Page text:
Tuesday, April 01, 2008


* Whatever happens in IndyCar from now on -- good or bad -- it's ALL on Tony George. He apparently didn't want to include Kevin Kalkhoven or Gerry Forsythe as partners, so it's Tony's deal 100 percent. That means 100 percent of the credit -- or 100 percent of the responsibility. I hope the Indianapolis news media will keep that in mind.

* I'm not interested in hearing about HD or rotating cameras. Homestead proved the low business priority ABC/ESPN REALLY places on the IndyCar Series. Brienne Pedigo, who still struggles to speak a clear sentence or ask a meaningful question, has been brought back for a second year. Her tenure in the pits should have been briefer than Lisa Guerrero's on the Monday Night Football sidelines. After the pre-produced opening, it was only seconds before Marty Reid got into Danica Patrick/Sports Illustrated and Helio Castroneves/Dancing With the Stars. TV's Danica Obsession is as absurb as ever (never has a sixth-place finisher received so much attention: Dan Wheldon's pass of Scott Dixon for second place was missed as the director focused his cameras on her running around alone in eighth). D.O. reached a new low when viewers were shown a silhouette and Reid said it was Danica's father. Are you sure? For all we could tell, that could have been Barack Obama! And, once again, the network used its own race title, creating a conflict with the "official" sponsor name publicized to the media by the series and track. Like ALMS, which apparently lets GT2-class owners dictate how its races are produced and so the viewer usually doesn't know the overall leader, ICS on TV no longer merits any serious discussion here. Case Closed.

* Equipment is at a premium, and they are trying to make the case that Indy-again-is-Indy (Paul Newman/Roger Penske letter to former 500 ticket-buyers), so what does the ICS do? Force drivers/teams into a four-lap qualifying format. Thereby, among other things, making Indy that-much-less unique. It doesn't make sense!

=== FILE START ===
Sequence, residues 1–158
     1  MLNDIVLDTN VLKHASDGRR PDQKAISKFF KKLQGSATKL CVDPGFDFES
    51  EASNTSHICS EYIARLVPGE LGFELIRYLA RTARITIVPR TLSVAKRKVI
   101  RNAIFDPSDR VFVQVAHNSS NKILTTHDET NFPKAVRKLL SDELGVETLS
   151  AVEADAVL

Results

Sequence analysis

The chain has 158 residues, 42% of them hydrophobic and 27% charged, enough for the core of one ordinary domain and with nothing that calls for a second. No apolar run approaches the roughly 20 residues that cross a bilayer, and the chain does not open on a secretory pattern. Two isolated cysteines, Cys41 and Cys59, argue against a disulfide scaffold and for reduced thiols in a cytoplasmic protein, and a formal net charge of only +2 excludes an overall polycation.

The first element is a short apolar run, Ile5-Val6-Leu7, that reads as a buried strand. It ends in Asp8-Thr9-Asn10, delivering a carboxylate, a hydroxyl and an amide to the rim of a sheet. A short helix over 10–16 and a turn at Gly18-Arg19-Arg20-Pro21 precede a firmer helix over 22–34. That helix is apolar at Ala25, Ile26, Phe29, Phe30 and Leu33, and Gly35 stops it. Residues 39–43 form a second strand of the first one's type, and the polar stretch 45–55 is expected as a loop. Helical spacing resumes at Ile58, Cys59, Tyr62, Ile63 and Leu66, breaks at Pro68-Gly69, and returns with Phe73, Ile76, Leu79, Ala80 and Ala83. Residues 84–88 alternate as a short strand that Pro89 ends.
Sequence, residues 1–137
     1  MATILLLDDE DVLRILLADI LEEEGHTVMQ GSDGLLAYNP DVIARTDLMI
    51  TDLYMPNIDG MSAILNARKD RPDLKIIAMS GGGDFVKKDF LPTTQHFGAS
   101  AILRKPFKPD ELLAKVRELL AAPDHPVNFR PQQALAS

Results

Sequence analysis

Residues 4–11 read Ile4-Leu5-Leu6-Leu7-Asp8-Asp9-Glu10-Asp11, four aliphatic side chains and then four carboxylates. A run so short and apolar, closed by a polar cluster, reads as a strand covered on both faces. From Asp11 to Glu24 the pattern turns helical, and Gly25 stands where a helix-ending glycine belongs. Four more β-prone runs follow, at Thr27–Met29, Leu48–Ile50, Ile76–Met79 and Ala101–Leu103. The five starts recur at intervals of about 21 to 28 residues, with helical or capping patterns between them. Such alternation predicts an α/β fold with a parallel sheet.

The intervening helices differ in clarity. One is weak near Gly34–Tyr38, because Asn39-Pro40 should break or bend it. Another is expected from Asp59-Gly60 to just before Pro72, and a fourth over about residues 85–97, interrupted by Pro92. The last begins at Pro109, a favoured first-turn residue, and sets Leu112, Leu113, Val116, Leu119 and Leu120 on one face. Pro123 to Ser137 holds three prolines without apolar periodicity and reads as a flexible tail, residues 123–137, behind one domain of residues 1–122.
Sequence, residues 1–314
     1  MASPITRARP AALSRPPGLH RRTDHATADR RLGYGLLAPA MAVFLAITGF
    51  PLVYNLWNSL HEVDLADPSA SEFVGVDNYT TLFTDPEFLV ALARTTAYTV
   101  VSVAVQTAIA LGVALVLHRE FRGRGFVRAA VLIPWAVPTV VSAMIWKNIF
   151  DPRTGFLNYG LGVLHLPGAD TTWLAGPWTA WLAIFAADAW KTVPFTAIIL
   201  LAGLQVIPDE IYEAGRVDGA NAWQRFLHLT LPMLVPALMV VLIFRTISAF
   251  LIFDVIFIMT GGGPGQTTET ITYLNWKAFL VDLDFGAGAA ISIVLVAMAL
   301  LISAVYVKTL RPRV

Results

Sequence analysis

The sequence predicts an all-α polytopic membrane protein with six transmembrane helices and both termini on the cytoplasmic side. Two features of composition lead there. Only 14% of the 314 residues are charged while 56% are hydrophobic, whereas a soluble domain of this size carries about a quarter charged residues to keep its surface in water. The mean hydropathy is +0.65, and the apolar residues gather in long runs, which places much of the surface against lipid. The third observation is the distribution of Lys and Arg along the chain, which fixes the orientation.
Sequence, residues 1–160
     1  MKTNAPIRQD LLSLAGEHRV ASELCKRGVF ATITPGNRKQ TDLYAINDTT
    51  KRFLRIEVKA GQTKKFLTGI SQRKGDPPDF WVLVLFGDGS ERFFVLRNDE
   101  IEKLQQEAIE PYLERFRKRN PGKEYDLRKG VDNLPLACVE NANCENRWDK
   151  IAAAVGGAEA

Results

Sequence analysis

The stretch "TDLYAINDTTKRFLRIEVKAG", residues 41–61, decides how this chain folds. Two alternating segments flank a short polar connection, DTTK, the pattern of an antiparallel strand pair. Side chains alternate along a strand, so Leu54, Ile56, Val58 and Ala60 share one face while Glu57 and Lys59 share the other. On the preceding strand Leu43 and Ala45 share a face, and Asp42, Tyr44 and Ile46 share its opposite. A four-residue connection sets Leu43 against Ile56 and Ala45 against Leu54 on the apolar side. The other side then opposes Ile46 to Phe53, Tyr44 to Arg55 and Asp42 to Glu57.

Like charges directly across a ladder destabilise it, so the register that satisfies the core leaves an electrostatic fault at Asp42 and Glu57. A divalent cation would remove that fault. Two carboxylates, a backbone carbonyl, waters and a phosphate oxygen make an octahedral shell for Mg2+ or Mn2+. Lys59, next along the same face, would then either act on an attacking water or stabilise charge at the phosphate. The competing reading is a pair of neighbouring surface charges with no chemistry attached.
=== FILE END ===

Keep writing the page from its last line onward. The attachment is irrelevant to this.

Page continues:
* THE most tiresome announcer phrase: "It will be interesting to see if . . ."

* It's no secret the public school system doesn't produce students well educated about the facts of history (let alone history's lessons). So, I guess, why should racing be any different? Both the ICS and Newman/Haas/Lanigan Racing issued news releases last week that were historically inaccurate. I know, because in both cases, I was a small part of the actual history. I provided those involved with the correct facts. As far as I can determine, no correction was issued to the media. (You're welcome!)

* Why is it so hard for publicists to understand that journalists need to receive media guides BEFORE the season starts? (I'm giving ICS a pass this time due to the late reunification timetable.) PR 101, ladies and gentlemen.

* Here's ANOTHER lost art among contemporary PRers: Saying a simple "thank you" to a reporter for a nice story. I'm aware of a few recent articles that made their way into print ONLY because the writer cared enough to make it happen. Some of us used to write a formal thank you note in return. How old-fashioned.

* Not that you'd know it listening to the Fox announcers, but the most important story at Martinsville was the poor attendance. Yes, I know, it was cold -- but there were major sections of empty grandstands.

* For years, it's been an automatic for MRN announcers to say pit crews were adding "two cans of Union 76/Unocal/Sunoco" gasoline. We never heard that much on TV, though. Well, somebody-has-gotten-to-somebody, because the Sunoco reference is now regular on Fox. We hear it almost as often as plugs for T-shirts on Darrell Waltrip's website.
Judging by my E-mail, last week's blog apparently made the rounds of the Champ Car staff and officials. Common comment: "Don't hold your breath." It turns out several officials care enough to have volunteered their services, and pay their own way, to Long Beach -- just to be a part of Champ Car's "grand finale."

As I wrote, I don't expect the organization to do the right thing at Long Beach. That doesn't mean it wasn't the right thing for somebody -- me -- to say it. (A reminder for those who need it: I was CART's first full-time communications director, from November 1980 through December 1983.)
Here's a link to my notebook in last Friday's Arizona Republic, featuring Dale Earnhardt Jr. and Arie Luyendyk Jr. By the way, I'll have a major feature on Dale Jr. in the Republic's NASCAR special section, Thursday, April 10:

[ more next Tuesday . . . ]